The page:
Low-Carbon concrete benches in Belgium, Source: City of Ghent

Gallery: Ghent’s new urban furniture reduces CO2 emissions from concrete by 65%

Gallery: Ghent’s new urban furniture reduces CO2 emissions from concrete by 65%

Concrete is a major source of CO2 because of cement, however, mixes that exclude cement could be the future of one of the world's most used materials

Yesterday, local authorities in Ghent, Belgium, unveiled a renovated square that had street furniture made out of low-carbon concrete. This is a big step towards establishing a more sustainable circular construction sector, as concrete is a major CO2 emitter.

According to the Paris Climate Agreement, emissions from concrete need to be reduced by 16% in the next ten years, otherwise, nations risk missing their targets.

What is the problem with concrete?

Concrete is the most widely used man-made material in existence and while it has shaped much of our urban environment, cement - the key ingredient in concrete – has a massive carbon footprint. According to analysis from the think tank Chatham House it is the source of around 8% of global CO2 emissions.

If cement was a country, it would be the third-largest emitter after China and the US and it emits more than the entire aviation industry. At the same time, it is an extremely affordable, durable and versatile building material, which enabled the construction of amazing structures – from the Burj Khalifa to the Pantheon in Rome.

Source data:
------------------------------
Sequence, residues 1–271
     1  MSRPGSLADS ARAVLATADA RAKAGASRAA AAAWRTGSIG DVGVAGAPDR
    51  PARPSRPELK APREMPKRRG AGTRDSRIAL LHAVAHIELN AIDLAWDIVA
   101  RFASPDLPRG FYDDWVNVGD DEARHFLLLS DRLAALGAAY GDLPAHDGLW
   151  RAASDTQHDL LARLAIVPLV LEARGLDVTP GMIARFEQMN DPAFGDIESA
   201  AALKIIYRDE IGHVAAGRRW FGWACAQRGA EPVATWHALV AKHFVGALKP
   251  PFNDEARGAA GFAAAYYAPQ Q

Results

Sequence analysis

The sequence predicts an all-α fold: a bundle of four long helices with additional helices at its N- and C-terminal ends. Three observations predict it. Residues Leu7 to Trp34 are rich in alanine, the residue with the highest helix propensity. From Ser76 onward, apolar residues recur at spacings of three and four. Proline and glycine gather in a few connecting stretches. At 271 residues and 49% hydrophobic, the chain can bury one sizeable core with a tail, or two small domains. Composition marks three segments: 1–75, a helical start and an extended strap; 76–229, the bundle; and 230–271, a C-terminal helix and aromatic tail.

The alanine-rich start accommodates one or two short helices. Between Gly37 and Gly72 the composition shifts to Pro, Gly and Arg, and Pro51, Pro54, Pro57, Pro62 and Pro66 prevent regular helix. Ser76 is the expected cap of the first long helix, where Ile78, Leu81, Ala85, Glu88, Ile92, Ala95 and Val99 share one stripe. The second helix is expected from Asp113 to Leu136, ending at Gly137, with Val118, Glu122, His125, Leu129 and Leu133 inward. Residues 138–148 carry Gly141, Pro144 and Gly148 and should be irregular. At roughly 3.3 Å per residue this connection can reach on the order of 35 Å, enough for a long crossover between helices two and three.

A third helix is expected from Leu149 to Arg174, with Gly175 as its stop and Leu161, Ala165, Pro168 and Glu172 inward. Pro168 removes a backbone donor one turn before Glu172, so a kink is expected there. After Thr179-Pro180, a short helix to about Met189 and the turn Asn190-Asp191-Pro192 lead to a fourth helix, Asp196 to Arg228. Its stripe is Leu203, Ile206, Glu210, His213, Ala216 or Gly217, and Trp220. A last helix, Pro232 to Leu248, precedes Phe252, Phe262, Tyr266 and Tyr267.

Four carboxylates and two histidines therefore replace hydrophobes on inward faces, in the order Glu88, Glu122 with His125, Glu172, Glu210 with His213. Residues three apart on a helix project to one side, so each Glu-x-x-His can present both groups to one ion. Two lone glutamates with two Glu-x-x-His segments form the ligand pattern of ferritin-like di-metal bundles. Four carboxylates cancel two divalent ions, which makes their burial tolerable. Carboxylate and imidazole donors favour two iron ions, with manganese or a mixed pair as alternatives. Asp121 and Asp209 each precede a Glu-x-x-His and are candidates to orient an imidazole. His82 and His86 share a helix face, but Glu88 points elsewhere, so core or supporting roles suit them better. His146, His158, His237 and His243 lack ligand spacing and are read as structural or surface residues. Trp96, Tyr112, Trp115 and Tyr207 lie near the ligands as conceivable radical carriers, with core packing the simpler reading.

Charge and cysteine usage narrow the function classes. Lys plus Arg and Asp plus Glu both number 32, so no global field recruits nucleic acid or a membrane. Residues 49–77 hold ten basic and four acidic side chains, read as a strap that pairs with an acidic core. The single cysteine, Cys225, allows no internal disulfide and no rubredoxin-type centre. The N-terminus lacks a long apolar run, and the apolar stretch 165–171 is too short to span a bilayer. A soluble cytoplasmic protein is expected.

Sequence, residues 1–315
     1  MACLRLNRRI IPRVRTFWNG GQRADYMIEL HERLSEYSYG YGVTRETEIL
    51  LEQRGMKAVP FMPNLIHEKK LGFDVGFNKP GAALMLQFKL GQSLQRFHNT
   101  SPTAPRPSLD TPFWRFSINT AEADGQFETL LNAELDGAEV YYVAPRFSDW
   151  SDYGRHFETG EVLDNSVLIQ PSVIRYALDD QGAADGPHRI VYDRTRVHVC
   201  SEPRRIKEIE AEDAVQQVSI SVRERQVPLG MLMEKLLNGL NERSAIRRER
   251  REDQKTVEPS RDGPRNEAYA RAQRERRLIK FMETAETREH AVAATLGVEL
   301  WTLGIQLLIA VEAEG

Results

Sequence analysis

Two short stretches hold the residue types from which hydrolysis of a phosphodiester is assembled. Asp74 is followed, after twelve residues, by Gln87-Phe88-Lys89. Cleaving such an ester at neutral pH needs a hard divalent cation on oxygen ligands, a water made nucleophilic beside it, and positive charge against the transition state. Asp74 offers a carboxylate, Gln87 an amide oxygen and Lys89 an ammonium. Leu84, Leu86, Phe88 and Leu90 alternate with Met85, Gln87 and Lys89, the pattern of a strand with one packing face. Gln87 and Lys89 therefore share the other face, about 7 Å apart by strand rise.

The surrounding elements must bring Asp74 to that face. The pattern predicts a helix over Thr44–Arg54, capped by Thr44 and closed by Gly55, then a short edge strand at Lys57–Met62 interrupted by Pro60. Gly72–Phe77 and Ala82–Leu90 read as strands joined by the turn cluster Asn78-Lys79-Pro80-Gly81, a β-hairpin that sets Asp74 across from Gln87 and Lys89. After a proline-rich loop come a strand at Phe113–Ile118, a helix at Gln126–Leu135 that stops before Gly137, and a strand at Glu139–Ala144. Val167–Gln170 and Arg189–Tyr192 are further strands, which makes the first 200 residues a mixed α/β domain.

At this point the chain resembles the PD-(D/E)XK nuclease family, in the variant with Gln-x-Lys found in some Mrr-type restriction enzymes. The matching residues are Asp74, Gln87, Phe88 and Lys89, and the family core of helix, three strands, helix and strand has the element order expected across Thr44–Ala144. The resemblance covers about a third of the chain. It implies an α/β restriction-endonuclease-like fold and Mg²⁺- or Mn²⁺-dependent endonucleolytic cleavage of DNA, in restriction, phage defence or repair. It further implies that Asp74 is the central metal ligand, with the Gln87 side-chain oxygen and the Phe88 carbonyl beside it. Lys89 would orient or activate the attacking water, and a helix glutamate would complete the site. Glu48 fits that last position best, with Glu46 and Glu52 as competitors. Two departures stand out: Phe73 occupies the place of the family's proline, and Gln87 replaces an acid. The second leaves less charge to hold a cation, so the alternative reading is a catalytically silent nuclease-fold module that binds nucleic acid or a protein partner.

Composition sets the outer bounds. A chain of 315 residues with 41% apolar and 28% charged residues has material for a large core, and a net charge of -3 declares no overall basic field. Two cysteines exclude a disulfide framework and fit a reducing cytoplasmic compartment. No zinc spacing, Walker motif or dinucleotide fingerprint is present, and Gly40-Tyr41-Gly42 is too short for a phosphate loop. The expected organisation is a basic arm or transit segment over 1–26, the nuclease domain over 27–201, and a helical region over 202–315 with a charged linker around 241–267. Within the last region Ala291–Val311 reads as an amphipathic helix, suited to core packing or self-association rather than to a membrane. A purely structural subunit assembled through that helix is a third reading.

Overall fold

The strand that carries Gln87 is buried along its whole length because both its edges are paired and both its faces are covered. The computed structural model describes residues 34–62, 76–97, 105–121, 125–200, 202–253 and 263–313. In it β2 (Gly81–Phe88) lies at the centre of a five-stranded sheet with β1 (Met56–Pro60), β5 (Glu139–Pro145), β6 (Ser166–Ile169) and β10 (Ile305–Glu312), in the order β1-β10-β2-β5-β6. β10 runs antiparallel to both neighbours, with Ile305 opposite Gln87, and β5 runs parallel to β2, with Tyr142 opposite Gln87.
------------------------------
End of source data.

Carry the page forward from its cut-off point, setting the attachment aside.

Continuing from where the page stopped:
Sustainable concrete

The new benches in Ghent are made from a more sustainable mixture of raw materials, compared with traditional mixes. Most often, concrete is made from sand and gravel, as well as cement and water to help the materials bind together.

In this variant, however, cement is replaced with slag and ash, a by-product of the steel industry, while sand and gravel are replaced with by-products from mineral mining. The result - mixture’s carbon footprint is 65% lower than standard concrete.

The new process was developed as a part of the UBCON project in Ghent University, and, despite this initial success, the question of viability remains. Is the new mixture as durable and easy to produce in short amounts of time and can it be scaled up, without causing a shortage in raw materials?

These questions will be what determine the success of this particular low-carbon concrete and the project behind it, set to run between 2018 and 2023. The next development project for the group will be a concrete fire escape, mounted to the side of a Ghent school.

Sofie Bracke, Alderman of Economy, was quoted in a press release, saying: “Ghent is a European pioneer in the field of ‘cleantech’ and the reuse of raw materials. Collaborations with companies and educational institutions such as Ghent University are indispensable in this regard. We are experimenting a lot with this in our city.



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